31st PAC Report 2006-07
Central government’s use of consultants
Edward Leigh MP, Chairman of the Committee of Public Accounts, today said:
“Vast sums of money are being spent by government on external consultants. Central government alone is paying out nearly £2 billion a year. It is impossible to believe that the public are receiving anything like full value for money from this expenditure. In fact, a good proportion of it looks like sheer profligacy.
“Consultants can of course bring in valuable expertise that departmental officials do not possess. But departments are often on the phone to consultants without first finding out whether their own in-house staff have the skills to do the job. Even worse, departments and the Office of Government Commerce do not know how much is being spent on consultancy and so have no idea at all whether the benefits are justified by the cost. Departments routinely do not agree with the consultants any measurable benefits to be expected from the contracts. And consultants are often paid simply on the basis of the amount of time worked and not on what the work has achieved.
“What would we say of anyone in private life who dealt with contractors like this? The consultancy firms are truly on to a good thing.
“Departments must now adopt a much more intelligent approach to the use of external consultants. They must become commercially much sharper in procuring consultants and in drawing up fixed price contracts or ones containing incentives for achieving the desired outputs. Sir Gus O’Donnell has reportedly told departments not to hire advisers when in-house advice is available. This is none to soon for efficiency savings of over £500 million a year are possible.”
Mr Leigh was speaking as the Committee published its 31st Report of this Session which, on the basis of evidence from the Office of Government Commerce (OGC), examined six main issues: using internal resources instead of consultants; the poor quality of information on the use of consultants; gaining a better understanding of suppliers; getting better deals by using different payment methods and making more use of competitive tendering; the effectiveness of OGC’s good practice work; and OGC’s own use of consultants.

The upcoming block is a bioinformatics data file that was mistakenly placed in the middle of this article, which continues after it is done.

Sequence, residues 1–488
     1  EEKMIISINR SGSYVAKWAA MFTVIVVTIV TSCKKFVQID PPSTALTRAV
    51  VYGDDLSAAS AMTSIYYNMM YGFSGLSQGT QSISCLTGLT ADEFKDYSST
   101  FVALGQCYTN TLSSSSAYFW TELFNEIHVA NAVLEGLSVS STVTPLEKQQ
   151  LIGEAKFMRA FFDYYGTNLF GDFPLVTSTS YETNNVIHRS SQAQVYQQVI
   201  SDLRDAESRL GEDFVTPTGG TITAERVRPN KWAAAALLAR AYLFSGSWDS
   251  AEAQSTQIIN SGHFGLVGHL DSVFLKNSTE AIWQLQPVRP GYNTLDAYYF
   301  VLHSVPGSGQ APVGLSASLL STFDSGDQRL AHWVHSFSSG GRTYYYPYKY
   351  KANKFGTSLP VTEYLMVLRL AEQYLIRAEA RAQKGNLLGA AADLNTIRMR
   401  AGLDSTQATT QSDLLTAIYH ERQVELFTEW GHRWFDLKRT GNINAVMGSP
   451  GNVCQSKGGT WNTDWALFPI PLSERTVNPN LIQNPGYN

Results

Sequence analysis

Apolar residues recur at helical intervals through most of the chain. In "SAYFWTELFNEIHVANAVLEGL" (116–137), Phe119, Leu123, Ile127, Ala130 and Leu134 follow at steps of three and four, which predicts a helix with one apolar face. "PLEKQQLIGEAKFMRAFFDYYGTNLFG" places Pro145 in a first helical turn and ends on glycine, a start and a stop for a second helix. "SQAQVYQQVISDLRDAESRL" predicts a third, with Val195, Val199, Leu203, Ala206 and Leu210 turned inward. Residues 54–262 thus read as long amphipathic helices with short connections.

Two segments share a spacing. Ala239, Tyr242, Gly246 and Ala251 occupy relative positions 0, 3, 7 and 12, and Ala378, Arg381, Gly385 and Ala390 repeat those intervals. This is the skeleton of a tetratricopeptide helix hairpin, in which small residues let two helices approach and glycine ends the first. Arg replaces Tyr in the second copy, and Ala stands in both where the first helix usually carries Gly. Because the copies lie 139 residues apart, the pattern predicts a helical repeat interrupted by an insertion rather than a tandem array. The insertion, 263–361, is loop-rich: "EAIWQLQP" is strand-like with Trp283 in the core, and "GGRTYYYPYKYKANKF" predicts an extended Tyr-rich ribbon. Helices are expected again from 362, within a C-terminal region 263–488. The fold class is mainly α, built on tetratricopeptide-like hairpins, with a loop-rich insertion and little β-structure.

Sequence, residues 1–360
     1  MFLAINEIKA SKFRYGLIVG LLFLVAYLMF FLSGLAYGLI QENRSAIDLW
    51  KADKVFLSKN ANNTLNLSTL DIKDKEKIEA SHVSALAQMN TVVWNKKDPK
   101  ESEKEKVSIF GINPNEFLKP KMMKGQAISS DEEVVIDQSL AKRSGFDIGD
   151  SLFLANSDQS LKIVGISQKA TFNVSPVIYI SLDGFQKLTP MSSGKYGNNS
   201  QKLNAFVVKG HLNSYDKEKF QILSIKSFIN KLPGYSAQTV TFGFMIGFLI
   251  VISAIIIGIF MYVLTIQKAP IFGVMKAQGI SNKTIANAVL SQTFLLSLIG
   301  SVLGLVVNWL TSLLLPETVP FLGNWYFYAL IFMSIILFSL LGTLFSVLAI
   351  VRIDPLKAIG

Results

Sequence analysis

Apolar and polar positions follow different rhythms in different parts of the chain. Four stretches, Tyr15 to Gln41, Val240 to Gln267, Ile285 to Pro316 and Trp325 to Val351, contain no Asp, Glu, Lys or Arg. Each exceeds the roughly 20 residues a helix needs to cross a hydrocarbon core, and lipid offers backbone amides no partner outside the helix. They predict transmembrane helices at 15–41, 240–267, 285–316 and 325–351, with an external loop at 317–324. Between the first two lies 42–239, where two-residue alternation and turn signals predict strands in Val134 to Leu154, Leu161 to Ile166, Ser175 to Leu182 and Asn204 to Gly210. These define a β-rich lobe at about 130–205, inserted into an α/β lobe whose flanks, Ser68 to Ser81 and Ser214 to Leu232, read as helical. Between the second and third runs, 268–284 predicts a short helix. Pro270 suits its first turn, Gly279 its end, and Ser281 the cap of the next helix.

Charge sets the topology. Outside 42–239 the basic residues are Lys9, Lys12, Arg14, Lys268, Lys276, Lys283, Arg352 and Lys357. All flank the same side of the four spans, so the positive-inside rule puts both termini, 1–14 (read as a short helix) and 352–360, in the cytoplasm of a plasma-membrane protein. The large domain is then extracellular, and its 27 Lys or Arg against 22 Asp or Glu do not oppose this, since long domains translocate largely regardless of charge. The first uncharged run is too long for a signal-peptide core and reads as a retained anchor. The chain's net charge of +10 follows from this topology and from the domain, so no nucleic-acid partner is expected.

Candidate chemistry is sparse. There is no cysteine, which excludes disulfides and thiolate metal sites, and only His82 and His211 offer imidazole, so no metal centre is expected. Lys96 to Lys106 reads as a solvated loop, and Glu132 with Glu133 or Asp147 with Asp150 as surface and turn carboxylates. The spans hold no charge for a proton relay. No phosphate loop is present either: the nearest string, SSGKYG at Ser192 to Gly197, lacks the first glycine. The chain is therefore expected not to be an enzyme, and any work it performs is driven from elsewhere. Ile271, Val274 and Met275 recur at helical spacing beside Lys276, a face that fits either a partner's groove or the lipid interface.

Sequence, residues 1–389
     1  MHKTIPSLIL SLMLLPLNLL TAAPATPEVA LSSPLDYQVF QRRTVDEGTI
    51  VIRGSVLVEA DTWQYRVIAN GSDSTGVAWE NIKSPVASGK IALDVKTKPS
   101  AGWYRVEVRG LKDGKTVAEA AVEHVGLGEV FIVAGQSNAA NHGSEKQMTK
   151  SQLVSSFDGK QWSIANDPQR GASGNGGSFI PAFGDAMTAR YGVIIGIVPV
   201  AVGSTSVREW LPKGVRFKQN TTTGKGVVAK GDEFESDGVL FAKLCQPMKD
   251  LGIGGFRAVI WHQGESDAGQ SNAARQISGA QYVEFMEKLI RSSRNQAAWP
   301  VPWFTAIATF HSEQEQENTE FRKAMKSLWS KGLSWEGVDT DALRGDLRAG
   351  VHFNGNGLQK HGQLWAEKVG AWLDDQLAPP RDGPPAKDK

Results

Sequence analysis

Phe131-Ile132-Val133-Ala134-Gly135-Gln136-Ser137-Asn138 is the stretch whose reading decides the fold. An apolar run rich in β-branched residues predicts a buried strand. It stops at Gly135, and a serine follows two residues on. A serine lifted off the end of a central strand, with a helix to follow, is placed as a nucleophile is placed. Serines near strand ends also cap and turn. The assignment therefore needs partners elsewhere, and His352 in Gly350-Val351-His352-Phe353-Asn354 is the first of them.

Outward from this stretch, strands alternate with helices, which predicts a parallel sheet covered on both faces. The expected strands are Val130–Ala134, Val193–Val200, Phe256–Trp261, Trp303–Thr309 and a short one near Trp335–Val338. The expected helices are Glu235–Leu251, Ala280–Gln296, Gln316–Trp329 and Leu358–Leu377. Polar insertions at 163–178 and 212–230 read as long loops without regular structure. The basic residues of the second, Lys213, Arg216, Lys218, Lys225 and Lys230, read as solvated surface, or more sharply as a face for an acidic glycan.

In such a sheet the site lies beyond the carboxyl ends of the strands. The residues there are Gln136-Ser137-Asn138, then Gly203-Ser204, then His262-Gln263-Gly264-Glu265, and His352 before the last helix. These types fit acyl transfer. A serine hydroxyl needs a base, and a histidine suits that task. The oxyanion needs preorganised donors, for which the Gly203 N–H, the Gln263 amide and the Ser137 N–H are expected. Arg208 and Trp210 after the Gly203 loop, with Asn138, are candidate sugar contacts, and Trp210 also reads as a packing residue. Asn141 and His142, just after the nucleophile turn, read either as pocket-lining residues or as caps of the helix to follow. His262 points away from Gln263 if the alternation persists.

In 2005-06 the public sector in England spent approximately £2.8 billion on consultants, with central government accounting for £1.8 billion. Aside from the scale of expenditure on consultants, they are routinely used on key government initiatives such as the Identity programme at the Home Office and the Capability Review programme at the Cabinet Office.
In the past three years spending on consultants has risen by a third, from £2.1 billion in 2003-04 to £2.8 billion in 2005-06, largely due to increases in spending by the NHS. Only two departments have shown a consistent decrease in their spending on consultants over the period. Central government is repeatedly using consultants for core skills, including project and programme management and IT, and is increasingly turning to a select list of suppliers.
Central government has made some progress in implementing previous recommendations and good practice in using consultants but much more can be done to improve value for money. In particular, departments are making good use of framework agreements and qualified procurement staff are regularly involved in the buying process. However, areas where departments require significant improvement are: collection and use of management information; the assessment of whether internal resources could be used instead of consultants; controls on awarding contracts by single tender; completing and sharing post-project performance reviews; actively engaging with and managing the relationships with key consultancy suppliers; and planning for and carrying out the transfer of skills from consultants to internal staff.
Consultants, when used appropriately, can provide considerable benefits for clients. There are examples where consultants have added real value and enabled departments to make improvements they would not have achieved otherwise. For example, the Ministry of Defence is saving on its procurement, having used consultants to help implement a new approach and develop its internal procurement capability. Nevertheless these benefits will only be secured if departments are much smarter in their use of consultants and more commercially astute in how they procure them. Getting a better grip on the use of consultants would lead to efficiency gains of more than £500 million a year.
Notes for Editors
1. Contact details for requests for further comment from Mr Edward Leigh are provided below. ISDN facilities are available for broadcasting purposes.
2. The full text of the Committee’s Conclusions and Recommendations is attached to this press notice.
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